Keep in mind, an apple tree may not start producing fruit for the first 8-10 years but it can produce for 50 or more years.  In fact, with careful and frequent pruning, these trees do remain in the orchard bearing fruit if they don’t become infested with a disease or pest.

Good Agricultural Practices

Around the year 2001, the New York apple industry began working on a strategic plan in conjunction with Cornell University to develop what they referred to as an integrated fruit production program.  The purpose of the program was to ensure apples were produced using environmentally friendly processes to include eco-friendly insect, mite, disease, vertebrate and weed pest management.  In other words, this was meant to use more “friendly” pesticide applications and methods.  What didn’t change is the that chemicals were still being used.

The USDA has done extensive study on pesticides and their life on agricultural products (USDA Pesticide Data Program). As a result of the studies, here is a list of the common pesticides found to be present on apples in what is termed residual form.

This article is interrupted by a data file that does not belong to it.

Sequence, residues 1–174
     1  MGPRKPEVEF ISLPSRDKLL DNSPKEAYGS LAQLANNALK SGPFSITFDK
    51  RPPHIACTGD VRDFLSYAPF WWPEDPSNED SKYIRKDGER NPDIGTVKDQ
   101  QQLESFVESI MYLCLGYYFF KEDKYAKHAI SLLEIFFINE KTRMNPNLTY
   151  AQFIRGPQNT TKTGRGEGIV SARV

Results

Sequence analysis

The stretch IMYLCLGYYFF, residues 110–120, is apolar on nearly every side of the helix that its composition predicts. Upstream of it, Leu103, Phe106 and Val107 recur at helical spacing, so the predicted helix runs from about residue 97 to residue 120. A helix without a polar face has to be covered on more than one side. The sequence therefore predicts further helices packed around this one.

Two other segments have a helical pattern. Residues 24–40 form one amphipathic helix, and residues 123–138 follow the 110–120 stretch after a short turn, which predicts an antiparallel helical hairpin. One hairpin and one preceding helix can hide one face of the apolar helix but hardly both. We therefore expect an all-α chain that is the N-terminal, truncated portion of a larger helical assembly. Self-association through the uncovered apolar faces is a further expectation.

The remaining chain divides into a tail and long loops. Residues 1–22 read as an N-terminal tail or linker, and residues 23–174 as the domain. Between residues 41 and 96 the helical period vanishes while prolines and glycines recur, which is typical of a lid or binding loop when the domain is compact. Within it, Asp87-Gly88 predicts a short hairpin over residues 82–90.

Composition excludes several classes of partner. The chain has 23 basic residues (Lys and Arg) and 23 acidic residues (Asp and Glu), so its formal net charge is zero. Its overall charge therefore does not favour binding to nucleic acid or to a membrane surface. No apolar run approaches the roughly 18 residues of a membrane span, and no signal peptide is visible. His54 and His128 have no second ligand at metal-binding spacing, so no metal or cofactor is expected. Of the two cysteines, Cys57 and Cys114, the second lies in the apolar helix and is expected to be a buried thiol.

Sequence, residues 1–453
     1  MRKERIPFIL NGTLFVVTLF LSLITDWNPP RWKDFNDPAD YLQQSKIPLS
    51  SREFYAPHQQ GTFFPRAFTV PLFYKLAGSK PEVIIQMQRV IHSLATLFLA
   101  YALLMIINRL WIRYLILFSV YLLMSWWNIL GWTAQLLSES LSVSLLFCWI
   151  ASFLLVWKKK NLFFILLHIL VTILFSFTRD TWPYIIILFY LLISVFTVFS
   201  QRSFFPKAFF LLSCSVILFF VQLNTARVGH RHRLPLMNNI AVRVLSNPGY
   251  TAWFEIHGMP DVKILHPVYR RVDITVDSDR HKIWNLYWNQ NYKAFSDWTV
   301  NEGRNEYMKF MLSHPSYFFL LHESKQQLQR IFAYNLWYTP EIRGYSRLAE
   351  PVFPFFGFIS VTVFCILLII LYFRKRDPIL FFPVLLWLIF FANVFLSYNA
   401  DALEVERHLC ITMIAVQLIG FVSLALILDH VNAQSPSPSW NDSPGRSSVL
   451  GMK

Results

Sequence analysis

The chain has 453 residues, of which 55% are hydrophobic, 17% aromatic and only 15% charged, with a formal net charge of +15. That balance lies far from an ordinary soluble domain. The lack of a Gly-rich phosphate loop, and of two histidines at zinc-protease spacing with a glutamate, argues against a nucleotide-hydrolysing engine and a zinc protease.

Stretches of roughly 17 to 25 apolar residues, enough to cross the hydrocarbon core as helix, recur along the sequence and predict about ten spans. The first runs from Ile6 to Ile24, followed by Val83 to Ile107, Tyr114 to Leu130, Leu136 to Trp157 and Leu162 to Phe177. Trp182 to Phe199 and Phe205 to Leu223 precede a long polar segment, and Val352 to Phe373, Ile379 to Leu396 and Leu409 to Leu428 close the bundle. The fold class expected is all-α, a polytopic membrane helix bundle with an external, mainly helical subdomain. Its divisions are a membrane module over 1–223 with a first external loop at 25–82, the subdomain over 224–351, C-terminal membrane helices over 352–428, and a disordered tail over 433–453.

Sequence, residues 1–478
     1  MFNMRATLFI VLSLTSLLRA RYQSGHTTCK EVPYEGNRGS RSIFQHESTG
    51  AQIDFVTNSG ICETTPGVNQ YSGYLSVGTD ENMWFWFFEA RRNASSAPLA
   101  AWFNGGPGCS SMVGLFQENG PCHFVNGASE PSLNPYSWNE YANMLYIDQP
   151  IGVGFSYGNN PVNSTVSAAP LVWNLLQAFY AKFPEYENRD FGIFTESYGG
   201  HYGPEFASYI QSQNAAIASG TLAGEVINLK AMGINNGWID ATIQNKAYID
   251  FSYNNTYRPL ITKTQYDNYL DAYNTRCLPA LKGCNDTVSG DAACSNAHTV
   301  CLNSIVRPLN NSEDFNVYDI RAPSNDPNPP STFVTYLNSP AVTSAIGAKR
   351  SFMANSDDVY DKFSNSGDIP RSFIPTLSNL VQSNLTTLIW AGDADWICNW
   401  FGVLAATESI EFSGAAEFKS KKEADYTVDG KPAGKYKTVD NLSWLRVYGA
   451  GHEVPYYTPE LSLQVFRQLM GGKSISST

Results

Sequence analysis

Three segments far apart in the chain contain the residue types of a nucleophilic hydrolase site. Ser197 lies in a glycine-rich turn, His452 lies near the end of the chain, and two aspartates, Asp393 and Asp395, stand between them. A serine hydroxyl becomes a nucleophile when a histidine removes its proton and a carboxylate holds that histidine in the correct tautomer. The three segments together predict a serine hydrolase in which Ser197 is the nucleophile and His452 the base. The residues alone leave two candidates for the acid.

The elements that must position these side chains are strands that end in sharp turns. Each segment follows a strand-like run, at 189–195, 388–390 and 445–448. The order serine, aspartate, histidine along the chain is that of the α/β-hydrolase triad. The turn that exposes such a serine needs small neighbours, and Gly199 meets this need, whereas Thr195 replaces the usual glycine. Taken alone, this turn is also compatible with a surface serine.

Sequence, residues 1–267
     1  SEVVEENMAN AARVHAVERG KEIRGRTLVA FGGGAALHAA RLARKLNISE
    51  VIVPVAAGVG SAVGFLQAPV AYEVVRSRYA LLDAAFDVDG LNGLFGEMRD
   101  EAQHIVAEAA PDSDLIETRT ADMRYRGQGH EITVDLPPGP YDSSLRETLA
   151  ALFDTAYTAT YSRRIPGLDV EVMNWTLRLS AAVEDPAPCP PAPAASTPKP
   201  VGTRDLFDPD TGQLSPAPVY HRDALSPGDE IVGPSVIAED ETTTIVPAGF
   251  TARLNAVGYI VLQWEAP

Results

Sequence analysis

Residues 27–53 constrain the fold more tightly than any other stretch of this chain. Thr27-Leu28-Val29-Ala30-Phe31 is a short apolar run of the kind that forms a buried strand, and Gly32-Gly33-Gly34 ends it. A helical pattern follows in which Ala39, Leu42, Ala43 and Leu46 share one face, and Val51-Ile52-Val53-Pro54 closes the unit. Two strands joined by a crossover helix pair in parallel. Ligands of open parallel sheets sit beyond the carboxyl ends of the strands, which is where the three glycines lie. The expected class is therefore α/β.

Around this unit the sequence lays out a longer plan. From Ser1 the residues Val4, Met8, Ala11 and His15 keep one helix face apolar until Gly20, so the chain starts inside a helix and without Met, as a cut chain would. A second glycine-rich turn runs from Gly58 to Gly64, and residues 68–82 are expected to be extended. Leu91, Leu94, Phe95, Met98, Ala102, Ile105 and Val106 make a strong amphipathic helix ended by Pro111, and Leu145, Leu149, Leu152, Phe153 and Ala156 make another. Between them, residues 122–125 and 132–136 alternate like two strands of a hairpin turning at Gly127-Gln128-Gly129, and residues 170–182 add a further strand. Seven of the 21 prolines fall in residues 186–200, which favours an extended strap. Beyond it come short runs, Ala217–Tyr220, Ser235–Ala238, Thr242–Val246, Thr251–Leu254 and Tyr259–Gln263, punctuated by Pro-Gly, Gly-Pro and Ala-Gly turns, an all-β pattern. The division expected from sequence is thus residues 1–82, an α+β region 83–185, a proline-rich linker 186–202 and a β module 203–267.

USDA Findings:

Diphenylamine (DPA) 82.8%
Thiabendazole 81.0%
Pyrimethanil 75.2%
Chlorantraniliprole 41.2%
Acetamiprid 28.7%
Imidacloprid 20.2%
Carbendazim (MBC) 17.3%
Tetrahydrophthalimide (THPI) 16.7%
Methoxyfenozide 15.9%
Fludioxonil 13.4%
Thiacloprid 12.7%
Boscalid 12.7%
Pyraclostrobin 11.8%
Phosmet 9.6%
Azinphos methyl 9.2%
Fenpyroximate 8.5%
Endosulfan II 8.1%
Myclobutanil 8.1%
Diazinon 6.5%
Trifloxystrobin 5.8%
Spinetoram 5.0%
Endosulfan I 4.3%
Etoxazole 3.3%
Pendimethalin 3.3%
Fenpropathrin 2.8%
Fenbuconazole 2.7%
Carbaryl 2.4%
Endosulfan sulfate 1.9%
Flonicamid 1.6%
Chlorpyrifos 1.6%
Cyhalothrin, Total (Cyhalothrin-L + R157836 epimer) 1.1%
Spinosad 0.9%
o-Phenylphenol 0.9%
Imazalil 0.5%
Chlorpropham 0.4%
Difenoconazole 0.3%
Permethrin cis 0.3%
Esfenvalerate+Fenvalerate Total 0.1%
Buprofezin 0.1%
Thiamethoxam 0.1%
Pyriproxyfen 0.1%
Tebuconazole 0.1%
Pronamide 0.1%
Methoxychlor olefin 0.1%
Dicofol p,p’ 0.1%
Permethrin trans 0.1%
DCPA 0.1%

The premise for using all these pesticides is the common belief that apples cannot be grown without chemical pesticides. Despite efforts to institute ecofriendly practices, we remain dependent on chemicals.  But here’s the kicker: apples are ranked number 4 out of 12 as a fruit most contaminated by pesticides.  Washing with water doesn’t do enough either. The chemical pesticides can penetrate the skin into the flesh of the apple making every bite a risk.